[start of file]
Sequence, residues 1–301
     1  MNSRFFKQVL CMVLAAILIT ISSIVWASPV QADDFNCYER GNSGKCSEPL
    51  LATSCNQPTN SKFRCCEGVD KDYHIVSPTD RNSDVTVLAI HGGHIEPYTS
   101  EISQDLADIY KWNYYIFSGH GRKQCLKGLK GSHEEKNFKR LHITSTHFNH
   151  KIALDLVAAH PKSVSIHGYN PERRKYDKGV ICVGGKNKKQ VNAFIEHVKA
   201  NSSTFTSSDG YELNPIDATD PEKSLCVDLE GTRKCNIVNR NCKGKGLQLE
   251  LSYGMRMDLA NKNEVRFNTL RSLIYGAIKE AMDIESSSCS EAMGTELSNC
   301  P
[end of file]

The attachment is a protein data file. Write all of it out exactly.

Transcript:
Sequence, residues 1–301
     1  MNSRFFKQVL CMVLAAILIT ISSIVWASPV QADDFNCYER GNSGKCSEPL
    51  LATSCNQPTN SKFRCCEGVD KDYHIVSPTD RNSDVTVLAI HGGHIEPYTS
   101  EISQDLADIY KWNYYIFSGH GRKQCLKGLK GSHEEKNFKR LHITSTHFNH
   151  KIALDLVAAH PKSVSIHGYN PERRKYDKGV ICVGGKNKKQ VNAFIEHVKA
   201  NSSTFTSSDG YELNPIDATD PEKSLCVDLE GTRKCNIVNR NCKGKGLQLE
   251  LSYGMRMDLA NKNEVRFNTL RSLIYGAIKE AMDIESSSCS EAMGTELSNC
   301  P